Population mobility, tenure choice and institutional factors

Eddie C.M. Hui

Research output: Journal article publicationJournal articleAcademic researchpeer-review

3 Citations (Scopus)


The Hong Kong government is involved deeply in the housing market. It provides public rental blocks as well as subsidised housing for sale. Government intervention has created various institutional factors in the form of relocation restrictions and subsidies. Little research has been done in the past to address how mobility is affected by institutional factors, in terms of the unique tenure structure in Hong Kong. This research aims to bridge this gap. It is found that government policy has a significant effect on the mobility of households, in particular the public rental sector. Further, the patterns of tenure choice are significantly different for households of public and private sectors. There are signs that the government is intending to minimise its role in the housing system. The suspension of the HOS programme together with the cancellation of loan subsidies could further restrain the mobility of public sector households. Institutionally induced spatial lock-in among public sector households will be aggravated in the near future. It is recommended that the loan scheme should be reinstated to provide an alternative and incentive for the households in the public sector to relocate and return their flats to the Housing Authority. This can help relieve the financial pressure in the face of a budget deficit because loan subsidies are more cost effective than subsidies in kind.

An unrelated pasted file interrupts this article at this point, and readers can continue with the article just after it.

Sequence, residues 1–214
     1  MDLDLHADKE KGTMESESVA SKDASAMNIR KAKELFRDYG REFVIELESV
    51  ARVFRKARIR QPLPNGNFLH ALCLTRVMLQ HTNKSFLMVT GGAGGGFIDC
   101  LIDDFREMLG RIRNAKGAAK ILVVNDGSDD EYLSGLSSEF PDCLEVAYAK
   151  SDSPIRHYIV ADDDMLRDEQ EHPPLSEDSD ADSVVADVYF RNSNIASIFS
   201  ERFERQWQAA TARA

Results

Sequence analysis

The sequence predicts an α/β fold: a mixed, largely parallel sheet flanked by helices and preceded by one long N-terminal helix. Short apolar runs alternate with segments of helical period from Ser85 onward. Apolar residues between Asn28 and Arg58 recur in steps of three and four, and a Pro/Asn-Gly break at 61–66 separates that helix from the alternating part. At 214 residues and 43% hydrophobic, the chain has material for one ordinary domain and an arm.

Original languageEnglish
Pages (from-to)305-323
Number of pages19
JournalUrban Policy and Research
Issue number3
Publication statusPublished - Sept 2007


  • Hong Kong
  • Housing policy
  • Population mobility
  • Tenure choice

ASJC Scopus subject areas

  • Geography, Planning and Development
  • Urban Studies


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